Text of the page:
Social Media Laws: What You Don’t Know
This post is written by Alexandra Levit. SilkRoad is thrilled to have her as a guest blogger working with us this year!
Greetings from London! For those of you who don’t know, I’ve temporarily relocated overseas and am writing to you from a second-floor flat in the Bloomsbury neighborhood, next to the British Museum.
Before I left the states, though, I had the opportunity to participate in a Human Resources Management of Chicago panel discussion on social media usage in the workplace with Brian Arbetter, a partner at Baker & McKenzie. In just 10 minutes, Brian shared so many valuable pieces of information that are absolutely critical for HR professionals to understand. Here’s what I didn’t know – and what you might not know either – about social media usage in your workplace.
Friending Employees is a Bad Idea
While not illegal persay, infiltrating your employees’ personal details to this degree can put you in a position to do other things that are illegal (for example, subtly discriminating against them because of their sexual orientation). Since you wouldn’t go to your employee and demand to be invited to her birthday party, so shouldn’t you request access to her social media circle. You should also never ask for employee social media account information such as user names and passwords.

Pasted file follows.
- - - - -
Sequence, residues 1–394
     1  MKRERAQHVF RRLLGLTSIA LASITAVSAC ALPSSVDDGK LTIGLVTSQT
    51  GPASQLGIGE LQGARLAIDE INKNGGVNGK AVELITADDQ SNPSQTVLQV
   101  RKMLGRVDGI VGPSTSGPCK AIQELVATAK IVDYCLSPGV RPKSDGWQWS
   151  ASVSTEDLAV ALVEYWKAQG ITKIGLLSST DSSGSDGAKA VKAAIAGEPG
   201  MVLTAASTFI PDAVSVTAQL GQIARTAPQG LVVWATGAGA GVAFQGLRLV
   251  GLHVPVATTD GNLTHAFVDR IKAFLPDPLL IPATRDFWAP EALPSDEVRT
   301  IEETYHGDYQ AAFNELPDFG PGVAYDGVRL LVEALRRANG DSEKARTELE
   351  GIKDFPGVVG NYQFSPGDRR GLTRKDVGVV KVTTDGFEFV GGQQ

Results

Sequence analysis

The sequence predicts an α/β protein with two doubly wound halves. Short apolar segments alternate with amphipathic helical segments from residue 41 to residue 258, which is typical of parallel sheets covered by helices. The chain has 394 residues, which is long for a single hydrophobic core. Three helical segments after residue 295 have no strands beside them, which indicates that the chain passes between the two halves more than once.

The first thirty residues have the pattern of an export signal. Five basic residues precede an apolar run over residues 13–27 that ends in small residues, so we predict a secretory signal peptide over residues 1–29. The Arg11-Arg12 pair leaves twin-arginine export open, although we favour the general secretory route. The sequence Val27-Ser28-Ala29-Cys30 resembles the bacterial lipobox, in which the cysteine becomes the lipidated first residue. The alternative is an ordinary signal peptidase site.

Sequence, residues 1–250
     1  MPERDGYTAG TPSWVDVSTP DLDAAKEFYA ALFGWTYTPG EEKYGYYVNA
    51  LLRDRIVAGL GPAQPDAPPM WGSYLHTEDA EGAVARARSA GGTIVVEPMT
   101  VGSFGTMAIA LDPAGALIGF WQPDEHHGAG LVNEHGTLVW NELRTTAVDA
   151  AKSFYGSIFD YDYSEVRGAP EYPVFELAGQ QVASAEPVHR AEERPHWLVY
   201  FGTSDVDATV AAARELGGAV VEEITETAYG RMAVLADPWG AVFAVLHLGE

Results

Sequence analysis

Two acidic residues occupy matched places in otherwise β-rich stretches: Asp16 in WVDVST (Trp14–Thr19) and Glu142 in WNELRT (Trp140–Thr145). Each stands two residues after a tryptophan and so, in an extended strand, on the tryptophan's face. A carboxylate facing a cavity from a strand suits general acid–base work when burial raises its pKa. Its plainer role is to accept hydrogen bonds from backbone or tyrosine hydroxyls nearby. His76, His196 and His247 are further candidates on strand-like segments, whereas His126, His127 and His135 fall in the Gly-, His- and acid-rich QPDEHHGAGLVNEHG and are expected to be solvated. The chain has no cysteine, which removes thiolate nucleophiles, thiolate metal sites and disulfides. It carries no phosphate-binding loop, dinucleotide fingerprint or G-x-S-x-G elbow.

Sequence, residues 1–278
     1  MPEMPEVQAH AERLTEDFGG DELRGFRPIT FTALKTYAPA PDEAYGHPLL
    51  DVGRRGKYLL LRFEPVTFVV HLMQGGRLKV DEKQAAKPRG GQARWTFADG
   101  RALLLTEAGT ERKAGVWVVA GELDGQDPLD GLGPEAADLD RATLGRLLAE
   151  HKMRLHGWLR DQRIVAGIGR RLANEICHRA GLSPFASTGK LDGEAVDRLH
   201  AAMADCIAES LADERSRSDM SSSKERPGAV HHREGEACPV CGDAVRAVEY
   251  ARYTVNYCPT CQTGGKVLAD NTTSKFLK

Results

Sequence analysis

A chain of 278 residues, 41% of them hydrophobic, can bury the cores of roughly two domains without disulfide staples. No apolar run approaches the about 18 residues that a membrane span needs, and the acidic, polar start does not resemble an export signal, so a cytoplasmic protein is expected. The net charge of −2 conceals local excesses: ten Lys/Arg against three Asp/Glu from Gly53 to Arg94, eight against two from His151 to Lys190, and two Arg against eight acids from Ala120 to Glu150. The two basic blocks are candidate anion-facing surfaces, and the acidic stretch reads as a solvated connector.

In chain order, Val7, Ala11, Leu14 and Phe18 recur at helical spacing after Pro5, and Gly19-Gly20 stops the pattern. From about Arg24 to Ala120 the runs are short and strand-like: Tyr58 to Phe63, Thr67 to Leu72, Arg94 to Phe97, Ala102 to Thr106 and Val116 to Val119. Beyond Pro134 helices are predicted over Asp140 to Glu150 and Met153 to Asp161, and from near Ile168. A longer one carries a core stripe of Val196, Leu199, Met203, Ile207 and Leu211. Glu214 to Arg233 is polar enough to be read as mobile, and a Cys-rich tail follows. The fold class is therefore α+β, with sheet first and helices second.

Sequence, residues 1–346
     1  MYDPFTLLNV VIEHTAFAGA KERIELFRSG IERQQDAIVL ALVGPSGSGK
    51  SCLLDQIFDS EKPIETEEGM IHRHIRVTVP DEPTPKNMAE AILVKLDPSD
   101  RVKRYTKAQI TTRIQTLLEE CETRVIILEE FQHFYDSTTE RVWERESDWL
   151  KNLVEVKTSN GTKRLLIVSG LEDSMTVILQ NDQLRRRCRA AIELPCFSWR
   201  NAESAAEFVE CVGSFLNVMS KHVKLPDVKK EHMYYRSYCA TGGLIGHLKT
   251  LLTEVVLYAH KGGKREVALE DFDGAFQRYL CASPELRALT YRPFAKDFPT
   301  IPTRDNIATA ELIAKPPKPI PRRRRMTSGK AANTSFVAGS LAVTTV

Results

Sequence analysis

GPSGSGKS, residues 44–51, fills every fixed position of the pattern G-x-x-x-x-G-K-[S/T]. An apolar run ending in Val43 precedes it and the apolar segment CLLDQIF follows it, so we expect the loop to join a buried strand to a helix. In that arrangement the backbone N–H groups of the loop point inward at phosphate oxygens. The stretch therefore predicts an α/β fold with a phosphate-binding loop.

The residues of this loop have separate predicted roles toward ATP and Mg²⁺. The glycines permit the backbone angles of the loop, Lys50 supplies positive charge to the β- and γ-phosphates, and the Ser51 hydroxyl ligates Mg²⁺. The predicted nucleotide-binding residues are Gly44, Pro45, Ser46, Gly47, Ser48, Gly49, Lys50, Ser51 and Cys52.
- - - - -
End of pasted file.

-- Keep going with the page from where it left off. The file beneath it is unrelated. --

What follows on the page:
Employees Can Sometimes Say Things You Don’t Like
According to the National Labor Relations Board, employees can complain about your workplace on social media, and you can’t fire them for it. You are only permitted to fire someone for social media conduct if he engages in inappropriate or slanderous behavior that does not relate to employment conditions. For example, a few years ago several Virgin Atlantic employees were justifiably fired for insulting passengers on Facebook.
Don’t Catfish – Ever
Professional catfishing, or having employees/vendors pose as customers in order to shine a positive light on the organization, is illegal. If you are found out, you could be prosecuted for fraud.
Use Screening Judiciously
Be aware of the potential to get into legal hot water by using social media screening for talent acquisition. For example, if you have advance access to social media content that is directly related to future problems experienced on the job, you could be guilty of negligent hiring. A good practice is to separate the person doing the screening from the person doing the hiring.
Have a Crystal Clear Social Media Policy Convene a committee with important stakeholders to ensure that you are consistent and in alignment on your policies, and that you have separate documents for the U.S. and other countries in which you do business (privacy laws, for instance, vary widely). Don’t try to prevent everything, as the policy will be breached instantaneously. Include details on content ownership (if an employee leaves, who keeps the Twitter contact list he created?) and off-hour contributions (are they posting at midnight as part of their job, and if so, do you need to compensate them overtime?). Put everything in writing.
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